I do not come from limousine people. My family was deeply middle class in the manner in which that term was used in the late twentieth century. My parents, aunts, and uncles were born into poverty and improved on that position by one. My father was the only one among them with a college degree, but they all owned newer cars and nice suburban homes. Their kids were clothed, fed, and insured, and there was money left over for vacations.
Any of those families could have splurged on a luxury car rental for a special event, but it never happened. They were Midwesterners, and to them such wasteful flaunting would have been embarrassing. Fighting over a dinner check? That’s just what men did, but renting fancy wheels was tacky.
But here we were on a clear spring day, winding through a lush, green park on our way to bury our dead.
I felt special tucking into the back of the funeral home’s limo, like something important was happening. This is the genius of the funeral business, the elaborate production that elevates routine waste disposal into something dignified. My black sweater embarrassed me, but I could not afford a suit.
My parents and I rode in silence. We arrived at a non-denominational chapel with secular stained glass windows. Religion was implied throughout the big room, but never stated: no crosses, saints, or crucifixes; no baptismal or choir robes.
The stained glass windows reminded me of a dream I had just a couple of weeks earlier. In the dream my grandfather lay on his deathbed in a hospital with similarly colored windows that stained the sunlight green on its way to his face. My immediate family and I circled the bed, my mother weeping quietly. Suddenly the old man bolted upright and yelled, “You just have to go where the energies are,” and then he fell over dead. Then in the dream I was drifting along a darkened highway. The sky was clear but starless, a dull ring of blue glowing on the horizon. Random flames rose from the darkness like birds of paradise in a fallow garden. That was all there was to the dream.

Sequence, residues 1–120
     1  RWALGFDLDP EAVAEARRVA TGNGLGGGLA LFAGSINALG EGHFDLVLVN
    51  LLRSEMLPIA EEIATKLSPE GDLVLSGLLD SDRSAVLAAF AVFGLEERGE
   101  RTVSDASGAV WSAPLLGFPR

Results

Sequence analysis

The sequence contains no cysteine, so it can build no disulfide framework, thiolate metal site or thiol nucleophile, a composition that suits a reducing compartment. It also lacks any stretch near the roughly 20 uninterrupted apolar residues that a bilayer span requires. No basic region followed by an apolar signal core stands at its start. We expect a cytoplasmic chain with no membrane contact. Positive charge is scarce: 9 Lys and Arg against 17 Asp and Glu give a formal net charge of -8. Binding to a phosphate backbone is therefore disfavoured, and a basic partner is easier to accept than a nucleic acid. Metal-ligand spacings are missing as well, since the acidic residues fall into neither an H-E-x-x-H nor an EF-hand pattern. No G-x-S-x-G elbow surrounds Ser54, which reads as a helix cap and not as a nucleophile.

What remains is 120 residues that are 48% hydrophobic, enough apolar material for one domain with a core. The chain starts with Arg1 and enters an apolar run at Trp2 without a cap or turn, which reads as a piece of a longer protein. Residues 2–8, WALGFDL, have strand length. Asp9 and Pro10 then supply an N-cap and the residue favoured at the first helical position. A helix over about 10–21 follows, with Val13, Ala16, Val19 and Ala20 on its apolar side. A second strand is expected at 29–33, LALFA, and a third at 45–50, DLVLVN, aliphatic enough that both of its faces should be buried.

Inside the chapel my relatives mingled with old family friends and strangers. They hugged and shook hands and laughed and smiled. At the front of the room rested my grandfather’s casket, undisturbed by the gathered mourners.
I found a pillar near an empty corner of the room and watched them, an owl in the eaves growing angrier with every overheard guffaw. My father’s parents entered and sat alone in a pew toward the back. The spoke to no one, not even each other.
My aunt approached me. “How are you doing, Jim?”
“Not very good,” I said.
“Yeah, it’s a hard day.”
“Doesn’t look like it’s too hard for them,” I said. “Look at everybody acting happy.”
“We haven’t seen each other in a long time,” she said. “People are just catching up. Why don’t you come say hello?”
“No, I’m good. I don’t want to pretend I’m happy.”
Her jaw set. “I know you’re upset, but funerals are about more than that. They’re about family and other people, too,” she said, and she left.